In 1854 St. Ignatius Mission became the site of the second Catholic mission in Montana. Father Adrian Hoecken, a Jesuit priest, originally established the mission in Idaho, but it was moved to the Mission Valley at the behest of the Pend d’Oreille Indians.
A boys’ school, a mill, and a press (which printed a dictionary of the Pend d’Oreille language) eventually grew up around the mission.
One of the Jesuits’ original log buildings, a chapel that doubled as living quarters for the priests, still stands beside the brick church, which was built in 1891. The church deserves as much of a look as the wooden chapel; there are striking murals inside, painted by Brother Joseph Carignano, the mission cook.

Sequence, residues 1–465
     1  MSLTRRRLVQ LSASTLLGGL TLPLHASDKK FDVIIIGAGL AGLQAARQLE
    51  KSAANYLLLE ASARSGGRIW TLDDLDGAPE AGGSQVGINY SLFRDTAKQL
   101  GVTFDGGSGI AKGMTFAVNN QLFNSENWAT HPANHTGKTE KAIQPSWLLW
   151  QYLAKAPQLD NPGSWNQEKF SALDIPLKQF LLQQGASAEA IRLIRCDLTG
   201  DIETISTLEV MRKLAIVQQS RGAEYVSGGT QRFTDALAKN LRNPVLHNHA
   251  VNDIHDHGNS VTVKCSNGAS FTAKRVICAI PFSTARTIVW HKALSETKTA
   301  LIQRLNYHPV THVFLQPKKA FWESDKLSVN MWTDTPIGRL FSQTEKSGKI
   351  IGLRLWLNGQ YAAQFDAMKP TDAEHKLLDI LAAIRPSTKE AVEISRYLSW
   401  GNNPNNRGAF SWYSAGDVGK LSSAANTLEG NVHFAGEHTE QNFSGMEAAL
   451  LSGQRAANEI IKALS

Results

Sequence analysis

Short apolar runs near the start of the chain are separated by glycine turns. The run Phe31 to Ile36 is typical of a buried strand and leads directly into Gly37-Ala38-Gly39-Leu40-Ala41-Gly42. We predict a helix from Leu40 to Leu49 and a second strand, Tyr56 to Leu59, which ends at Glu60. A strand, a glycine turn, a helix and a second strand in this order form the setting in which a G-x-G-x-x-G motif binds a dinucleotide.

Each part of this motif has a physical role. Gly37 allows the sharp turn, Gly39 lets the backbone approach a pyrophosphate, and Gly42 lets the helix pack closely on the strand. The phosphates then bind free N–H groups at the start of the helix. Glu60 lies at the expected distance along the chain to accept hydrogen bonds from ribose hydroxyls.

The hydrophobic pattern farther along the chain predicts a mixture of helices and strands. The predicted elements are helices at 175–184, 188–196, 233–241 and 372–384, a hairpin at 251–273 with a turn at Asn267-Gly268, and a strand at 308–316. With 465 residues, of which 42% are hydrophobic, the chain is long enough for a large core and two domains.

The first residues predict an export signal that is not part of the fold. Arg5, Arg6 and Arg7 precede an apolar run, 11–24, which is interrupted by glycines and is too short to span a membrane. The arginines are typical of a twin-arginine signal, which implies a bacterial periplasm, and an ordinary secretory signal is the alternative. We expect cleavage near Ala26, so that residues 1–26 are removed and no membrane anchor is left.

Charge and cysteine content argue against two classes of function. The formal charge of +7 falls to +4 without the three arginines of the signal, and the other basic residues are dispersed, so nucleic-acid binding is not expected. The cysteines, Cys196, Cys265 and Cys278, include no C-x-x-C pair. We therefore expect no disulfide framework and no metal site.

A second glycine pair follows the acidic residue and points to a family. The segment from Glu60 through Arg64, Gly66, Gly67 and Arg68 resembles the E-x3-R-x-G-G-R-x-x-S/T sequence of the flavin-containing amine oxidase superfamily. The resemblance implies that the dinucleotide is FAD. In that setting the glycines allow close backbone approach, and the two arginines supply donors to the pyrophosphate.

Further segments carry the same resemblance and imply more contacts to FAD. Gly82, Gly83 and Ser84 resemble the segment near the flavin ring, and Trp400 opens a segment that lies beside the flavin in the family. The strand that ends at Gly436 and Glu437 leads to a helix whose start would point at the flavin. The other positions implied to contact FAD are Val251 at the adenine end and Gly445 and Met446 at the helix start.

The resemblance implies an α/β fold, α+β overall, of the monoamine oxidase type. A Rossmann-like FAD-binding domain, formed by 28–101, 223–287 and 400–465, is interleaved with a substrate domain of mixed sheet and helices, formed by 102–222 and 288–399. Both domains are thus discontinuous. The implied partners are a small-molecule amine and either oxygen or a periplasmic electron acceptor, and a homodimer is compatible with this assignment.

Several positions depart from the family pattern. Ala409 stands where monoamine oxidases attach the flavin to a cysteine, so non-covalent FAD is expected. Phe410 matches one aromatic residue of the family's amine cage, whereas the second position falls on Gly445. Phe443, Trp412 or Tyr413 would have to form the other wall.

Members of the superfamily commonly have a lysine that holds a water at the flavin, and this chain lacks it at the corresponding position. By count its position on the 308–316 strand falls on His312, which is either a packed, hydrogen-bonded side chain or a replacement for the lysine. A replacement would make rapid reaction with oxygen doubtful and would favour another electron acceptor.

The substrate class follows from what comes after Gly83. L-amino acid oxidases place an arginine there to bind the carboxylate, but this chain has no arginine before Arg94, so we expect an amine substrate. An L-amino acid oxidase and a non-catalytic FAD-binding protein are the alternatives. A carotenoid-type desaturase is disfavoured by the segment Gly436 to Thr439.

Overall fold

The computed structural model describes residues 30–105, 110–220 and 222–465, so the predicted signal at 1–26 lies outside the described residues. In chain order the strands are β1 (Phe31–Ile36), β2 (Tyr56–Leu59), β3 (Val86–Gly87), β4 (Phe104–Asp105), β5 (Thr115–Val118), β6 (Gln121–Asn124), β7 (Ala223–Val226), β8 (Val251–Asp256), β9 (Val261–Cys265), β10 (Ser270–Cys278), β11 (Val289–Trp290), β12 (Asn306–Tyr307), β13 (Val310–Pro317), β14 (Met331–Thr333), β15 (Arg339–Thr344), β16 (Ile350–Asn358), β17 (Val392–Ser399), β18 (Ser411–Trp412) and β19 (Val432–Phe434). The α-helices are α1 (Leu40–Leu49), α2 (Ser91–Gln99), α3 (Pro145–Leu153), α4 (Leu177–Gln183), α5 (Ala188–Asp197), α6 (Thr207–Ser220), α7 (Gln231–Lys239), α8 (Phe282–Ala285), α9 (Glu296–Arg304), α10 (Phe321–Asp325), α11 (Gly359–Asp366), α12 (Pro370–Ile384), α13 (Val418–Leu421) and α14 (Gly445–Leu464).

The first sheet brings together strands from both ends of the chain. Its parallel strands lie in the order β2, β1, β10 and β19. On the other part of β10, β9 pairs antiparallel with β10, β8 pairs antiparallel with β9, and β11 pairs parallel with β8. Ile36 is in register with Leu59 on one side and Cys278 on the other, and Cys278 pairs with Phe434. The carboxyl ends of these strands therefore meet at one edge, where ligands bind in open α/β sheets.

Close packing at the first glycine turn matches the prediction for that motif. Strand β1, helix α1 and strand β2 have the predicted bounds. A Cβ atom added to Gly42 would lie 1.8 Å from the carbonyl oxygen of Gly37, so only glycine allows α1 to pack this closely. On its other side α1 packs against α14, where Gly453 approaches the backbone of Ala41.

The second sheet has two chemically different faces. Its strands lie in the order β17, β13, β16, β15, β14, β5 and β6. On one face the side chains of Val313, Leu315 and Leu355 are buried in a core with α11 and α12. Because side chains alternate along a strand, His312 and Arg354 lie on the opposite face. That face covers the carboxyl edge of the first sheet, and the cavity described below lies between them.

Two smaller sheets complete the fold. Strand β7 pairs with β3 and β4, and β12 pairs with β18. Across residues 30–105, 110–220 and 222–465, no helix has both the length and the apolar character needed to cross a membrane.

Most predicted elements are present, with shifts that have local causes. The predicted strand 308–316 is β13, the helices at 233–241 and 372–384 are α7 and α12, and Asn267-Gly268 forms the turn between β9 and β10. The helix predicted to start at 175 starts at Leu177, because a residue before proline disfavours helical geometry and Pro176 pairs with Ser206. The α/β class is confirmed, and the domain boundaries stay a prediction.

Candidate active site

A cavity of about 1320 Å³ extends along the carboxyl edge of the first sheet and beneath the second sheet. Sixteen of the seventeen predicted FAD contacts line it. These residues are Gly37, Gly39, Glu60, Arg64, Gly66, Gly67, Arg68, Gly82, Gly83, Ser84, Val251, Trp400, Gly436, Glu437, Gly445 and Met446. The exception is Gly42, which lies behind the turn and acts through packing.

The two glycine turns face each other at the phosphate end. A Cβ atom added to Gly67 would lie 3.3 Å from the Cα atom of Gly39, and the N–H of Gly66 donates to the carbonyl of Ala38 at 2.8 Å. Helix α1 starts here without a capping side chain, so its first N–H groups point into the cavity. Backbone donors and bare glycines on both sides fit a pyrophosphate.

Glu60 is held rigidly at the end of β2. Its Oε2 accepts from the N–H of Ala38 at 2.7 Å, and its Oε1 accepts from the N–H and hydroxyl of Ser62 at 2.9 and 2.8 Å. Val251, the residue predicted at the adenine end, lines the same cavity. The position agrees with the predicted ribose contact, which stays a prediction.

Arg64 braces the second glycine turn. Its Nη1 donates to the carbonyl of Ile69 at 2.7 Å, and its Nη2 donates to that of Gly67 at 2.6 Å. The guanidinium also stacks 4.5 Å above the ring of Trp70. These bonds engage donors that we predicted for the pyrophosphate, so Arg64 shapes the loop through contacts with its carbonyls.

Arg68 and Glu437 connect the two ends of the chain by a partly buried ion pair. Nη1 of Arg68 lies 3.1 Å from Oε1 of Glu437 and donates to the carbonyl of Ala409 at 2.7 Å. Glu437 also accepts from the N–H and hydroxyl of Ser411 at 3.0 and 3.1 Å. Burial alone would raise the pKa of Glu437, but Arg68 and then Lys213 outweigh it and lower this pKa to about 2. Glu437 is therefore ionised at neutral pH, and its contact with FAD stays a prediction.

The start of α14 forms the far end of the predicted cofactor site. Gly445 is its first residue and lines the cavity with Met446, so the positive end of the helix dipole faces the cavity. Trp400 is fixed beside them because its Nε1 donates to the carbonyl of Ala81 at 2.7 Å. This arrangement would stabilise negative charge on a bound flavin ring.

While these murals may not initially impress those who compare them to those at St. Paul’s Cathedral or Chartres, they clearly succeeded in illustrating the life of Jesus and in imparting biblical stories to the Indians.
Sunday mass is still held weekly at 9:15 a.m. Good Friday and Easter services at the mission church have developed into a uniquely Flathead Catholic ceremony.